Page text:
World War One witnessed a surge of patriotism around the country as thousands of men enlisted to do their service in the armed forces. In 1914, as a result of Lord Derby’s recruitment drive, men from the offices and businesses of Liverpool established the first of what was to be called the ‘Pals’ Battalions. In just over a week, three battalions had been raised and, soon, a fourth would follow – the 17th, 18th, 19th and 20th Service Battalions of the King’s Liverpool Regiment.
Hubert Stanley Denson, affectionately known as ‘Stan,’ the sixth child of George Denson and his wife, Clara (nee Ainsworth), was born in Liverpool on 25th May 1894 and baptized at St. Clement’s Church, Toxteth Park, a month later. Educated at Sefton Park Council School, he decided against continuing the family trade (his father was a tailor who owned a business in Renshaw Street, Liverpool), instead becoming a clerk at Calthrop Bros, oil cake manufacturers.
On the outbreak of war, Hubert’s brother, Edgar Ainsworth Denson, was already serving with the 10th (Scottish) Battalion of the King’s Liverpool Regiment, having enlisted in 1912. His service, however, was carried out on home soil, where he reached the rank of Lance Corporal. Hubert tried several times to join one of the battalions of ‘Pals’ but was rejected each time on account of his height. Finally, he was accepted on 14th May 1915, joining the 18th battalion. He went out to France in March 1916, never to return.
The Battle of the Somme started on 1st July 1916, and it became known as the bloodiest day in the history of the British army. Separated by only a few hundred yards, the British and German troops were preparing for artillery bombardment in their trenches. Despite their confidence, the British soldiers could not penetrate the German defences and were soon being killed in their thousands by machine gun and artillery fire. In all, there were 57,470 British casualties on the first day of fighting in The Somme, with 19,240 deaths.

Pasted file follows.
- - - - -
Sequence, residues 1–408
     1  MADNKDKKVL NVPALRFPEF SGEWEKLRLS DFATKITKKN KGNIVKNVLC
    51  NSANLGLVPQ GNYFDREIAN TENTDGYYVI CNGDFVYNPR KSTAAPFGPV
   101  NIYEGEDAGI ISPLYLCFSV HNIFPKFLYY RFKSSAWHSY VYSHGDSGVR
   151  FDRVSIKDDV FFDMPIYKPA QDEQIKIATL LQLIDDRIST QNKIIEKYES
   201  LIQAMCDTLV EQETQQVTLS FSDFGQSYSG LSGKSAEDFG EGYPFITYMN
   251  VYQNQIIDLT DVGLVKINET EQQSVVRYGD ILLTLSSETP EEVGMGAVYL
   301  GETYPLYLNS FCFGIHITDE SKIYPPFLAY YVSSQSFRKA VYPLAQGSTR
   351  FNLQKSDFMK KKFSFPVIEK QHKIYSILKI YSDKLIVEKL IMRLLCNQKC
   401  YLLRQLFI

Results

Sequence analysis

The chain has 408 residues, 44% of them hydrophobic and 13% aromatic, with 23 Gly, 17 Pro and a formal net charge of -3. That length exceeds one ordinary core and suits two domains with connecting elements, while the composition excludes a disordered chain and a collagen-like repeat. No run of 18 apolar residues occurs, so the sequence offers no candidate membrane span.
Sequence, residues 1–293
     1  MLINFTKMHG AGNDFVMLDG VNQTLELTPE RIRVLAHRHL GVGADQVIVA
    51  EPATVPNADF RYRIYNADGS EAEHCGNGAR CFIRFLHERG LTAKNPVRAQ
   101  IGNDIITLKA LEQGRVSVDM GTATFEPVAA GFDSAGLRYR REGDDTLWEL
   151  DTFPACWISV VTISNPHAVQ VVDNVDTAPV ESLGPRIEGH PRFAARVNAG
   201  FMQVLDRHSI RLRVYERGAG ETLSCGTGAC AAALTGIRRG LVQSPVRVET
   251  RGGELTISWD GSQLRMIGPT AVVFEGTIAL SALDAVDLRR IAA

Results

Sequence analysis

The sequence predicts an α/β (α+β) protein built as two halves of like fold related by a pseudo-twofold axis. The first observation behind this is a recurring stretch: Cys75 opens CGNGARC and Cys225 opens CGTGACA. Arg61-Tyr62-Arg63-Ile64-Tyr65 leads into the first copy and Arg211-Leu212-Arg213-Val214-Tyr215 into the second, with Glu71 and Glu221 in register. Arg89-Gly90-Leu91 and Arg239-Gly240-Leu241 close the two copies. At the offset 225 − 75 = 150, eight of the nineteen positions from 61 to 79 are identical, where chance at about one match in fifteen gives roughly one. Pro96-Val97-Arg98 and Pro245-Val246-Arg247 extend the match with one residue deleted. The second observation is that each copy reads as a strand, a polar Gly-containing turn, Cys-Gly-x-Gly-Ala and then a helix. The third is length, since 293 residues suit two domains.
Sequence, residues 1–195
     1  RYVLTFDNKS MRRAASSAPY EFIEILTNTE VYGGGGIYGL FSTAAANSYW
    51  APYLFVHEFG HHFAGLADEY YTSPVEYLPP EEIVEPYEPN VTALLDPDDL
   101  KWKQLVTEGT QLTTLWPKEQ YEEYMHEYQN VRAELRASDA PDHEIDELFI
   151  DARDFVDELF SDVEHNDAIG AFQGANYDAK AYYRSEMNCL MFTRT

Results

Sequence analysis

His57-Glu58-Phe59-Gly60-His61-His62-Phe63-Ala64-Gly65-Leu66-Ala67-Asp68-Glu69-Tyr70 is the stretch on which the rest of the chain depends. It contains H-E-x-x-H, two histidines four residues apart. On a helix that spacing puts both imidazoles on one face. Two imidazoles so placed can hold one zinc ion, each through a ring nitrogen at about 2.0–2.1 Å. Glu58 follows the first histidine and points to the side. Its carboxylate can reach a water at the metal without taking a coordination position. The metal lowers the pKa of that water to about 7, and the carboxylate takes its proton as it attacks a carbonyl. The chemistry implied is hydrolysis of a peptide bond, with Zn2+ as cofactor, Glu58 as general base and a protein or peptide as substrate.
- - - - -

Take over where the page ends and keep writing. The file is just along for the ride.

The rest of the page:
It was on the first day of the campaign that Hubert lost his life. Private S R Steele, a member of the 18th battalion, wrote:
So I went along the trench, and I got up on top, and the first thing that I saw was all the dead, fellows just lying there, higgledy-piggledy all over the place, some two, three and four high, – one mass of dead men as far as you could see, right and left!
Not including those who later died of their injuries, on that first day of fighting, 7 officers and 164 men from the 18th battalion lost their lives as a result of enemy fire. This battle went on to symbolise the horrors of the First World War.
On Hubert’s death, one of the battalion’s officers wrote to his mother Clara Denson (nee Ainsworth) stating that he was killed on reaching the objective and was buried with his captain near to where he fell. She later received the money that was owed to her son from the army – £1 16s 10d in November 1916 and a further £4 in September 1919.
Hubert Stanley Denson was buried at Vernon Street Cemetery, in the valley between Carnoy and Maricourt in France. His name is recorded on the family grave at Toxteth Park Cemetery and also on the memorial at St. Barnabas Church, Liverpool and the Thiepval Memorial.
A year after his death, the following notices appeared in the Liverpool Echo:
For further information about the Liverpool Pals, Graham Maddocks’ book, ‘Liverpool Pals’ is an invaluable resource. Credit for the St. Barnabas memorial photo goes to Paul Young and can be viewed at http://www.ww1cemeteries.com/other_cemeteries_ext/st_barnabas_wm_liv.htm